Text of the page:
Wednesday, September 15

Okay, I'll confess my dirty little secret. Over the past year, I've learned to appreciate, even LOVE, Lou Dobbs. His crusade against the outsourcing of American jobs has impressed me with his passion for American workers, an almost unprecedented campaign for a heretofore Republican-leaning broadcaster.

Today, Lou welcomed Kitty Kelley, author of the new blockbuster about the Bush dynasty. He was gracious (Kitty was obviously surprised and gratified), fair and HE HAD ACTUALLY READ HER BOOK. He and Kitty discussed the troubling executive order issued by GWB in early November 2001 restricting public access to the presidential papers (and that of their vice presidents) of Reagan, George Herbert Walker Bush, and Bill Clinton. To remind you:

Anna Nelson, an historian at American University, is hardly alone in suspecting that the White House is worried about what the Reagan and Bush papers may reveal about officials who worked in those administrations and are now part of George W. Bush's inner circle. They include, for example, Secretary of State Colin Powell, Vice President Dick Cheney, White House Chief of Staff Andrew Card, and Budget Director Mitch Daniel Jr.

"There may in fact be embarrassing documents," concedes White House counsel Alberto Gonzales, "but that would not be considered a legitimate reason to withhold archives from historians and journalists."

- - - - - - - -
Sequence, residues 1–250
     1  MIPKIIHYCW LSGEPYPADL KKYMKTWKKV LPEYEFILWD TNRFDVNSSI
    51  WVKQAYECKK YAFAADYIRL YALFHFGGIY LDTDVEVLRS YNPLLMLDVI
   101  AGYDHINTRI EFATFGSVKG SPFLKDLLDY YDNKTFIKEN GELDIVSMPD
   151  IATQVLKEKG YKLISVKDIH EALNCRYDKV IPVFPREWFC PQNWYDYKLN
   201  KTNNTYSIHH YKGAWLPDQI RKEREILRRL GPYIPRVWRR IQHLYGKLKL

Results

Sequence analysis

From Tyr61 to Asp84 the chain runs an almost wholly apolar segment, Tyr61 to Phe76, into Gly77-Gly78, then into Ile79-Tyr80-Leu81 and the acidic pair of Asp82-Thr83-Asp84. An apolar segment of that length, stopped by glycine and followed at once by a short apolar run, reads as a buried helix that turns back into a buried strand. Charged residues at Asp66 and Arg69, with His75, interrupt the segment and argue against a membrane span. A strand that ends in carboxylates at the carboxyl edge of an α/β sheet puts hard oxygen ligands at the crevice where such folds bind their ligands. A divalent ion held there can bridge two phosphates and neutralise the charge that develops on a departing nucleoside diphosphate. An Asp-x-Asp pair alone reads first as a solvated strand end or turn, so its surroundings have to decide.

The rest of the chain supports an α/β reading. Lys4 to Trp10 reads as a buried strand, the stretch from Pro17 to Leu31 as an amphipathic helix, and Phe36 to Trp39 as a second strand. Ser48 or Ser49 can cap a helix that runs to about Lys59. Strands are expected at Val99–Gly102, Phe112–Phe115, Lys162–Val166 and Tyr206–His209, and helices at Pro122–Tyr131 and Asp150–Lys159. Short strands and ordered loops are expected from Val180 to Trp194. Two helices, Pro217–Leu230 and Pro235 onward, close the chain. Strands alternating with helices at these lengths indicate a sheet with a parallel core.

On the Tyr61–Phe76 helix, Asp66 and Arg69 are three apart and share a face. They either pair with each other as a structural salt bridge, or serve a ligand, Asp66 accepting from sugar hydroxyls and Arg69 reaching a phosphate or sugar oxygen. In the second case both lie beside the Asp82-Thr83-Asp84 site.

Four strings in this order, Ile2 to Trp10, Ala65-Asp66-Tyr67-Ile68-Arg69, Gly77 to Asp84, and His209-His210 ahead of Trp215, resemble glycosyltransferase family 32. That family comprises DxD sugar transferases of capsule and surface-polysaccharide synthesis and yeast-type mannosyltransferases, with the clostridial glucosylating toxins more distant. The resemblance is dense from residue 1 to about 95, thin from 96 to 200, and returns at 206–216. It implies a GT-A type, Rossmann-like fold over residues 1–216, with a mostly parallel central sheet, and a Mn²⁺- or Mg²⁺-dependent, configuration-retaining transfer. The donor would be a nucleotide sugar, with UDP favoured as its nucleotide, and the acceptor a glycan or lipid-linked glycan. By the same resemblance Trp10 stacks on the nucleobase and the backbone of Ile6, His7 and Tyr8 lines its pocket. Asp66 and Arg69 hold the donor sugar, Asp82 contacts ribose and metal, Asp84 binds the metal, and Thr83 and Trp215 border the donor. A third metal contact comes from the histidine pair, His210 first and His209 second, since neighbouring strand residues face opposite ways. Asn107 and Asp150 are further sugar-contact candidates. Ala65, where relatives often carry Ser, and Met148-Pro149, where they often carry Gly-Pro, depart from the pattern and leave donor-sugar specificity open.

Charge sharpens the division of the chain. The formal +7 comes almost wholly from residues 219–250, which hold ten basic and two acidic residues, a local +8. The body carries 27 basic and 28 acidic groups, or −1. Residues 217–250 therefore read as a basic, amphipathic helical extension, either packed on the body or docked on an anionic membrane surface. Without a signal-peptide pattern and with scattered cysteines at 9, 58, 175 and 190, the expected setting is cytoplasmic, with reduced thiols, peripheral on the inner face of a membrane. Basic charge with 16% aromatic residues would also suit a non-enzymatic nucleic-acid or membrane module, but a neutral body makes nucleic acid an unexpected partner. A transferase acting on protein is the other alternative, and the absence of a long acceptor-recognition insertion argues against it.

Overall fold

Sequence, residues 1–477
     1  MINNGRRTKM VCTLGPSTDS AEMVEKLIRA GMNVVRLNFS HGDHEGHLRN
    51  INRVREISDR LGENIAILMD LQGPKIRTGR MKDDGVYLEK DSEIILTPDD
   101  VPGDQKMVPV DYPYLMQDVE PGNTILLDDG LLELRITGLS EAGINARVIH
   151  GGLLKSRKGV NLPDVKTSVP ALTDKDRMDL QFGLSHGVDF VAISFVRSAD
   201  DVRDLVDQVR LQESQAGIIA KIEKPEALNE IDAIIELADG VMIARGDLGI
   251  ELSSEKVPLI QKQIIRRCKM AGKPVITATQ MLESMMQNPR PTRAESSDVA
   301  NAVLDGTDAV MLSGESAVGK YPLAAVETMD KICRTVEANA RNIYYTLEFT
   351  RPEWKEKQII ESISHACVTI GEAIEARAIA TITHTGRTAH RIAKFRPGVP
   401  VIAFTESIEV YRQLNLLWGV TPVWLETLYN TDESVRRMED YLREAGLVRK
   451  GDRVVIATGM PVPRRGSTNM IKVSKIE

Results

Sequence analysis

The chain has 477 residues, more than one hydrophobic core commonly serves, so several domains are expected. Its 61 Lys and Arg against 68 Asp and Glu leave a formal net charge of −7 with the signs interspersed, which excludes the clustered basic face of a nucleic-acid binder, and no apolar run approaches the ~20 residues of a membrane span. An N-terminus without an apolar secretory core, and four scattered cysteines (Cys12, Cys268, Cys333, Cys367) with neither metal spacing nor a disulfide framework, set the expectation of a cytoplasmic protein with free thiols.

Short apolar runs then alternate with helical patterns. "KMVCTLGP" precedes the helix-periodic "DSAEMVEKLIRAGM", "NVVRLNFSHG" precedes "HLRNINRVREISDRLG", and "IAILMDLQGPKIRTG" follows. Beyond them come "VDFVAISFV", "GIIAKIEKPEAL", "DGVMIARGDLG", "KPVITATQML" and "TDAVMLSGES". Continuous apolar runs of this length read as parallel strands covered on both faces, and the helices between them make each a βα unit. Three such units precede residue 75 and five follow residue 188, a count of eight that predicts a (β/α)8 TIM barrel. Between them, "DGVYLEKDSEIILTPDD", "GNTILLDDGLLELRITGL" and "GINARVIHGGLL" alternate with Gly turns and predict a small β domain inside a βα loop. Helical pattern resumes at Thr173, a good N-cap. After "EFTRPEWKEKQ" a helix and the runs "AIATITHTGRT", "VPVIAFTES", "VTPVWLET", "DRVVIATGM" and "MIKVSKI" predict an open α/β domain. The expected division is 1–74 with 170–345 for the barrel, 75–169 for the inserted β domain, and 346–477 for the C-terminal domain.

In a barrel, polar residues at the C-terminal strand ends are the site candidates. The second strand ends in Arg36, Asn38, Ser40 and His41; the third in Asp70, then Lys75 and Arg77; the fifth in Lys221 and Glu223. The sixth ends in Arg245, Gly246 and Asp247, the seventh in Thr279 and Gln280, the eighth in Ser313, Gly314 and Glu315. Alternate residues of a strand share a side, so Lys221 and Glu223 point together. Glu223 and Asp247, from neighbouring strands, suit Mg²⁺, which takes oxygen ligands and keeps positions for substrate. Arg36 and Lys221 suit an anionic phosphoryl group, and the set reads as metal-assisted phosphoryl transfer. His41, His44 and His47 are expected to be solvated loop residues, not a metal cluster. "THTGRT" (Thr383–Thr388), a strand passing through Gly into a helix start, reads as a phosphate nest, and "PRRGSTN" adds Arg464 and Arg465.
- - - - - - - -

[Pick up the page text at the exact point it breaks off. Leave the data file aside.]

If not embarrassing moments, then what?

There is, of course, no end to growing speculation. That is the problem with trying to suppress information. It inevitably raises the question, "What is he trying to hide?"

Consider, for example, the Iran-Contra scandal that tainted the Reagan administration. In order to finance opposition to the Sandinista government in Nicaragua, certain high-level administration officials sold weapons to Iran. This was illegal. But despite a huge public scandal, no government official ever went to prison. At the time, some suspected that then-Vice President George Bush, a previous head of the CIA, knew more than he let on about the illegal Iran-Contra scheme. The elder Bush, however, always protested that he "was out of the loop."

Still, other historians think that the current Bush White House, deeply immersed in the war on terrorism, may be worried about fresh revelations that detail the Reagan administration's strong financial support of the Taliban as they rose to power.

UPDATE: Evidently, I'm not the only progressive watching Lou. His daily poll today asked the question, which presidential candidate do you believe would come closer to fulfilling his campaign promises in the next four years? Bush got 10%, Kerry 85%.


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